I read with interest an article in The Australian newspaper this week (22 March 2011) which featured the ‘Sportsgirl Likes’ collections. In Australia, Sportsgirl as a younger woman’s fashion brand, occupies an enduring and esteemed positioning, the result of not sitting on its laurels. The Sportsgirl Likes collections is testimony of the brand’s capacity to look to the future. The collections provide Sportsgirl with a potent vehicle for fostering young design talent, and the same time injecting interest and currency into their brand.
The inspiration starts with the Sportsgirl sponsored National Graduate Showcase that is part of Melbourne’s Fashion Festival. The sponsored showcase celebrates the creative talents of young designers and importantly provides an opportunity for Sportsgirl to observe first hand designers that have the potential to shape the next wave of fashion. However, Sportsgirl is anything but a passive observer in this event, it is actively screening the talent on show to select two or three designers that they would like to collaborate with to create a collection to be marketed under the Sportsgirl Likes range. The collaboration is a rich experience for the young designers selected as they get access to almost every resource available within the Sportsgirl organisation, with no creative restrictions placed on the products they design for the business. They get to strut their stuff with huge support, but in a context that has commercial realities attached to it. The designers have the creative license to create a collection that will be relevant and accessible to the Sportsgirl target market. It is a test in realism as well as well as design, as the product needs to sell through.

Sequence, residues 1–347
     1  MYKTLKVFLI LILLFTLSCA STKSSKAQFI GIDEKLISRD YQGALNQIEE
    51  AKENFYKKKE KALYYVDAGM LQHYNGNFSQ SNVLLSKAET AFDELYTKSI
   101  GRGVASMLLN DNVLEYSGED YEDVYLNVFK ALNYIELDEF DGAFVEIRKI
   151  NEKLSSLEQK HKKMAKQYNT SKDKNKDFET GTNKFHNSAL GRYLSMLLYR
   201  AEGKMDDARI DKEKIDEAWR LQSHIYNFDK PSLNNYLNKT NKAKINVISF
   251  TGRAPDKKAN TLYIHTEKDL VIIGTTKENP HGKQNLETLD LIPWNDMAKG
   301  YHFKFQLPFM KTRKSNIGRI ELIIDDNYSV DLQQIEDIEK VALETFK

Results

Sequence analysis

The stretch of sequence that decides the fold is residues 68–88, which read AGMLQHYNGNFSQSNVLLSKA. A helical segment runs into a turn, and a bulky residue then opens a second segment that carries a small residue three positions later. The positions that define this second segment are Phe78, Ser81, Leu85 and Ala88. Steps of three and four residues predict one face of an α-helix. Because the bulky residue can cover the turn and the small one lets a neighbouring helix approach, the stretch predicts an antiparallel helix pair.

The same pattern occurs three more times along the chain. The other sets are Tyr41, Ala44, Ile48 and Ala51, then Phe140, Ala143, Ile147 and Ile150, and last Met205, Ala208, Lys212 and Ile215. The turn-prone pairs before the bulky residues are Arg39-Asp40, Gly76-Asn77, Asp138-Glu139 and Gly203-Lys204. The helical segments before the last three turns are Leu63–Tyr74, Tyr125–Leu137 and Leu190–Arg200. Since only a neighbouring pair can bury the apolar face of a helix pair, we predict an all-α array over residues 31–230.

Naomi Milgrom, owner and Group Chairwoman of the the Sussan Group which owns Sportsgirl, positions the program as a simply a demonstrative commitment to foster young Australian design talent. It is not assessed on a financial basis, rather as giving young designers with first hand experience in balancing design and creativity against the commercial needs of business. It’s stated purpose while being noble to the last thread, is also a superbly intelligent brand gesture. Too often the community minded programs pursued by brands are unrelated to the positioning of the brands that sponsor them. Our view is that there are enough ‘causes’ in the world to ensure that the one’s championed are relevant to the brand. For Sportsgirl, design is fundamental to the brand and thus the Sportsgirl Likes program is a superb way to generously support young up and coming designers, at the same time generously inject something fresh and vibrant into the brand’s offering. It is an intelligent brand gesture that sits comfortably with a market leadership position.
If the fashion collections that result are not your look, perhaps your focus should be on driving out community inspired brand gestures that have a hand in glove fit with your own brand. Why not?
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